Friday, January 17, 2014

Making It Count: Preventative Mental Health

Yay Therapy!  "I got 99 problems and 86 of them are imagined scenarios in my head that I am stressing about for no reason."

In the past, I have been guilty of going to see my counselor only AFTER my anxiety shut downs. Usually by this time, it had been about three months between our visits.  I would like to call this little behavioral gem, "Reactive Therapy,"  OR in my world that means, I would only go see my counselor after I had lost all control of the thoughts in my head.  Reactive therapy sessions provide very little emphasis on the root of the challenge because my counselor and I spent so much time trying to look at the topic of the anxiety that it provided very little time for us to dig in and get to the root of the problem and develop long term goals. I know I can be better then that. I think God wants more from me then being reactive to illogical anxieties.

In 2014, I made a promise with my therapist that we would be all about preventative counseling sessions.  These are like regular mental health check-ins where we sit down and evaluate my behavioral responses to the things that used to divert my attention into self-defeating thoughts and we create monthly mental health and behavioral goals.  This is what we call "Pro-active Therapy" sessions.  It is about being an advocate for your mental health instead of playing the role of the victim. The hardest part, I am learning, is that it takes prioritizing our finances in favor of mental health.  This month, I am currently sacrificing my clothing budget in favor an extra counseling session. This is hard work.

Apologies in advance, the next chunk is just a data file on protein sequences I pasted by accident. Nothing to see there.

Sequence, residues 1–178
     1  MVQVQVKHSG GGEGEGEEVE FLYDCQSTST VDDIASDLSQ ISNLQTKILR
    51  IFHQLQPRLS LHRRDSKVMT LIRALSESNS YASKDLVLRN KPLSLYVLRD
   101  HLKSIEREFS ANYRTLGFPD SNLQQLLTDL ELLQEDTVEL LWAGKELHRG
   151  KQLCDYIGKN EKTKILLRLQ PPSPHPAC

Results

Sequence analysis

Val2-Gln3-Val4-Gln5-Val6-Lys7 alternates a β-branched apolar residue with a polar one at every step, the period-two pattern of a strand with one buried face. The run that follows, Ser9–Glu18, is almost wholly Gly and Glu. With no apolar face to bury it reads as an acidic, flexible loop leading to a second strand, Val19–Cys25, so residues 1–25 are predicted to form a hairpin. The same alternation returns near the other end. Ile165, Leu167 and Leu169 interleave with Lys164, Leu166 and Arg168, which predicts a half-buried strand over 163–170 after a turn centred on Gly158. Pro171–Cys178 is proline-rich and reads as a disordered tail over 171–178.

It is currently trendy in our culture to talk about "preventative health care" for our physical wellness.  For many that means eating whole foods, mixed greens, taking supplements, seeing your health care provider for well checks, regular exercise, etc.   We talk about it so much that is borders my definition of obsession.  In fact, I think we over talk the physical and completely miss the mark when it comes to mental health! I have to wonder if the stigma of mental health would go away if each of us started looking at our own mental health as a part of our spiritual and physical well being.

What if we started talking more about the benefits of counseling and psychotherapy? What if our insurance companies supported more of us who need that level of support (you know I do) in our insurance plans?  What if more us were capable of feeling God's presence and experiencing joy because we felt more comfortable seeking out the people who can help us understand how our mental UNhealth gets in the way of our ability to connect.

Speaking of mental health, below are some self-portrait shots I completed for an upcoming mental health and arts related photo project. :

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